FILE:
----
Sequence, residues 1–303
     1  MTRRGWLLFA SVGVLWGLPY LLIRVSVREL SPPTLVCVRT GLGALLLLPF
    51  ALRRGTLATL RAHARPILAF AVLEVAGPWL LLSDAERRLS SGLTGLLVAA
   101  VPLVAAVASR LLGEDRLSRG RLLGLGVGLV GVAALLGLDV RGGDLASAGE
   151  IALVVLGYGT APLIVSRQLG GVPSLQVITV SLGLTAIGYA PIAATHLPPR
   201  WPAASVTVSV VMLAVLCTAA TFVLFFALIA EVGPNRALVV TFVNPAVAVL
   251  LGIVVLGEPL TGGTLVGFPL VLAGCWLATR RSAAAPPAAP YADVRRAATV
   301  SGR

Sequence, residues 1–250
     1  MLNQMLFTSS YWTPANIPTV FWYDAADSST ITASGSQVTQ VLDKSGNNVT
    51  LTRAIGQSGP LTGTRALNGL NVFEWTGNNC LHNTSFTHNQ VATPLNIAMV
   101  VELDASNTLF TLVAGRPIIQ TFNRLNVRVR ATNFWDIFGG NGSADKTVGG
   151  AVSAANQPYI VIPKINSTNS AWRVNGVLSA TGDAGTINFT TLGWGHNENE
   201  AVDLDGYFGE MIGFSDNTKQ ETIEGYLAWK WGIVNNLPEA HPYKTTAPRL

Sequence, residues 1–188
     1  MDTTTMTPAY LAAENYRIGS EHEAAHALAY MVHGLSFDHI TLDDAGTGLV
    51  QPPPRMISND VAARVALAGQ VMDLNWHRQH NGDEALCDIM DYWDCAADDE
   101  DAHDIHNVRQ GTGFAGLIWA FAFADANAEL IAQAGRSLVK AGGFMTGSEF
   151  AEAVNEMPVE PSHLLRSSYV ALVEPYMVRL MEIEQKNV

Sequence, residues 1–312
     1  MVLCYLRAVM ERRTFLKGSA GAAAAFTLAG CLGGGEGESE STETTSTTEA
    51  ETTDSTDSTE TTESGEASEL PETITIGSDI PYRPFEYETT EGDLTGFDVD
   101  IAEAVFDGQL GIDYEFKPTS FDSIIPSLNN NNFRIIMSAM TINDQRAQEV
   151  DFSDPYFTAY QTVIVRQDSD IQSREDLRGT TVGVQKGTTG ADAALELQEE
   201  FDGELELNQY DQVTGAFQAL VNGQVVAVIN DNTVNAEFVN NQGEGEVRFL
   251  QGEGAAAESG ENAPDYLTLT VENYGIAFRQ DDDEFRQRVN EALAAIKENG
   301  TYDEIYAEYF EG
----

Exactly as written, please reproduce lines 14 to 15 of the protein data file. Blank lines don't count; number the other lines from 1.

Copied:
   201  AVDLDGYFGE MIGFSDNTKQ ETIEGYLAWK WGIVNNLPEA HPYKTTAPRL

Sequence, residues 1–188